Cellular and molecular effects of metronomic vinorelbine and 4-O-deacetylvinorelbine on human umbilical vein endothelial cells

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Abstract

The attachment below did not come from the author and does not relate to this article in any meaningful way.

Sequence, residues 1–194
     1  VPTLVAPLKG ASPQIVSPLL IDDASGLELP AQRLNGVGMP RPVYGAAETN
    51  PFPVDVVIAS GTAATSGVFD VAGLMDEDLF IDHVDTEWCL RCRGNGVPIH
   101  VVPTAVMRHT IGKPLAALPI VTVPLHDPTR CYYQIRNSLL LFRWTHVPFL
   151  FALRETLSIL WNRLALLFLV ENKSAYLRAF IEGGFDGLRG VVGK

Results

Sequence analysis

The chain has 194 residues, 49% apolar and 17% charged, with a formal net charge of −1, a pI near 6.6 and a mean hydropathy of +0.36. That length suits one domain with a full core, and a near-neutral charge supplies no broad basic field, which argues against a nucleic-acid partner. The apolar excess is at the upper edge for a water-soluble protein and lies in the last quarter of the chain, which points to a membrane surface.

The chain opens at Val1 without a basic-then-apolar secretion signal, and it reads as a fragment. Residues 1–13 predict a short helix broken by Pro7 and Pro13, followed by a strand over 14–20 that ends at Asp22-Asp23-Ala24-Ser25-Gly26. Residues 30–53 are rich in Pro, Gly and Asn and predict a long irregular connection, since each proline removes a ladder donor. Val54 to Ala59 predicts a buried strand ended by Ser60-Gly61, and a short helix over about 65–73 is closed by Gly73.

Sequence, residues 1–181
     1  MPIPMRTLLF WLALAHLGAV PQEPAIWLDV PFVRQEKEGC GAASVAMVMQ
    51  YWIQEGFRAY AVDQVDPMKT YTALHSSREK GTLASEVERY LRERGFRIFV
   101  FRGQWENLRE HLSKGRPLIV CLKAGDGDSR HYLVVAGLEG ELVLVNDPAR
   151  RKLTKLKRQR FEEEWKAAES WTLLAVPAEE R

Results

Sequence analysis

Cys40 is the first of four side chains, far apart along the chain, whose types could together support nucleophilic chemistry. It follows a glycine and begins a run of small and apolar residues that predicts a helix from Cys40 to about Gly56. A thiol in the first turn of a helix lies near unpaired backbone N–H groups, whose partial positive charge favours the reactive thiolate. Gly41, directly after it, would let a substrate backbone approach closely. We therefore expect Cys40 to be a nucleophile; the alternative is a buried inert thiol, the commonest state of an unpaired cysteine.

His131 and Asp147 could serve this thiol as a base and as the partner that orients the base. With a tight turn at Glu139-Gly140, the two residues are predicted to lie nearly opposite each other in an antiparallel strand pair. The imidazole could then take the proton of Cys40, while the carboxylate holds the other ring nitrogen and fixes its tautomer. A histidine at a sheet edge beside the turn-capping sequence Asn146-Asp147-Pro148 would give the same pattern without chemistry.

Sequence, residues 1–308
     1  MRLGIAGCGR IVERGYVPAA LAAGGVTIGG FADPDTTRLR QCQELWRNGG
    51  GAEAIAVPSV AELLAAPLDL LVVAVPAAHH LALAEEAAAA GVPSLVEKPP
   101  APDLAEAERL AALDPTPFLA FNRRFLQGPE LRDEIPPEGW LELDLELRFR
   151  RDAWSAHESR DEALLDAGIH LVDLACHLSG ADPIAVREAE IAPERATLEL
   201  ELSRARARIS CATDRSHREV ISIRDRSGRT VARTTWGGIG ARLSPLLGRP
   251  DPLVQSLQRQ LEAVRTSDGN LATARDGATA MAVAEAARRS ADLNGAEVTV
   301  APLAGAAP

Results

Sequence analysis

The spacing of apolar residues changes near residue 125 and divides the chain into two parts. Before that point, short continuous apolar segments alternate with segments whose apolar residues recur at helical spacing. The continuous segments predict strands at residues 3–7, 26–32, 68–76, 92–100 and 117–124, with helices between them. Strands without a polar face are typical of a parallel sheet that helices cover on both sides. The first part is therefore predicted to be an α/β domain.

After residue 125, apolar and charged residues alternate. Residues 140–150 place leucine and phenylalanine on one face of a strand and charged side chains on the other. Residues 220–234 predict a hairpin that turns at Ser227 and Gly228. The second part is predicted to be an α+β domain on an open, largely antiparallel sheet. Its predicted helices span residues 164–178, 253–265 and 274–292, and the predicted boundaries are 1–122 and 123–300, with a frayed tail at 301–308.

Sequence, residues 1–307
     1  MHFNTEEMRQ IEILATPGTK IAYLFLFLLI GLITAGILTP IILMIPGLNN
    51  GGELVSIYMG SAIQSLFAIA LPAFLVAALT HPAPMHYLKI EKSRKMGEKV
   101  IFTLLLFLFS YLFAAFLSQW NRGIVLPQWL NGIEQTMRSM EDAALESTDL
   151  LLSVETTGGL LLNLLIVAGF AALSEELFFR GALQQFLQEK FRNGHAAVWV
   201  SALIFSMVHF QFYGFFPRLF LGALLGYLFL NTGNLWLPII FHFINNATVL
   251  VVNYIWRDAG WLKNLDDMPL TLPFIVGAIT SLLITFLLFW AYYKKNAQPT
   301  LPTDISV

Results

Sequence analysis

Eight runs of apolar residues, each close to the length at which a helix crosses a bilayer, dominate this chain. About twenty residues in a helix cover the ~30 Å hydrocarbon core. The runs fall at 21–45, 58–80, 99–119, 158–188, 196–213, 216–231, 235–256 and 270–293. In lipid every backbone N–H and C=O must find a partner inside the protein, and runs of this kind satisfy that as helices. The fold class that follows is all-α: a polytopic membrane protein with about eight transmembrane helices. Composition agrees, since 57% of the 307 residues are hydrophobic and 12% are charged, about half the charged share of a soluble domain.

Metronomic oral vinorelbine (VRL; Navelbine) was shown in clinical trials to yield sustainable antitumor activity possibly through antiangiogenic mechanisms. We investigated the effects of protracted low-dose VRL on human umbilical vein endothelial cells, compared with a conventional chemotherapy model. Human umbilical vein endothelial cell cultures were treated with different concentrations of VRL (0.001 nmol/l to 1 mmol/l) for 4, 24 and 96 h. The effects of different drug concentrations on cell growth, cell cycle, apoptosis and expression of the angiogenesis-modulating genes interleukin-8, cyclooxygenase-2, CD36 and peroxisome proliferator-activated receptor γ were assessed using the metronomic or conventional chemotherapy model. Apoptosis and cell-cycle effects were assessed by flow cytometry. Gene expression was measured at the transcript level by quantitative reverse transcriptase-PCR, protein expression by immunoblotting and levels of proteins secreted in the cell medium by enzyme-linked immunosorbent assay. Activation of the nuclear factor-κB pathway was investigated by immunoblot analysis of cytosolic and nuclear protein extracts. The half-maximal inhibitory concentrations (IC50) of VRL at 96 h were four orders lower compared with those after a 24-h exposure (1.23 nmol/l vs. 32 mmol/l for VRL). Drug concentrations at high nanomolar levels and above, which are relevant to conventional pulsatile dosing of VRL, induced a dose-dependent and nuclear factor-κB-related increase in proangiogenic interleukin-8 and cyclooxygenase-2 and a decrease in the thrombospondin-1 receptor CD36 and peroxisome proliferator-activated receptor γ at mRNA and protein levels. In contrast, the opposite was evident with protracted picomolar to low nanomolar concentrations (metronomic dosing). Our data provide experimental support for metronomic VRL by showing that a protracted low dose outperforms pulsed high-dose administration in inducing antiangiogenic effects in proliferating human endothelial cells.

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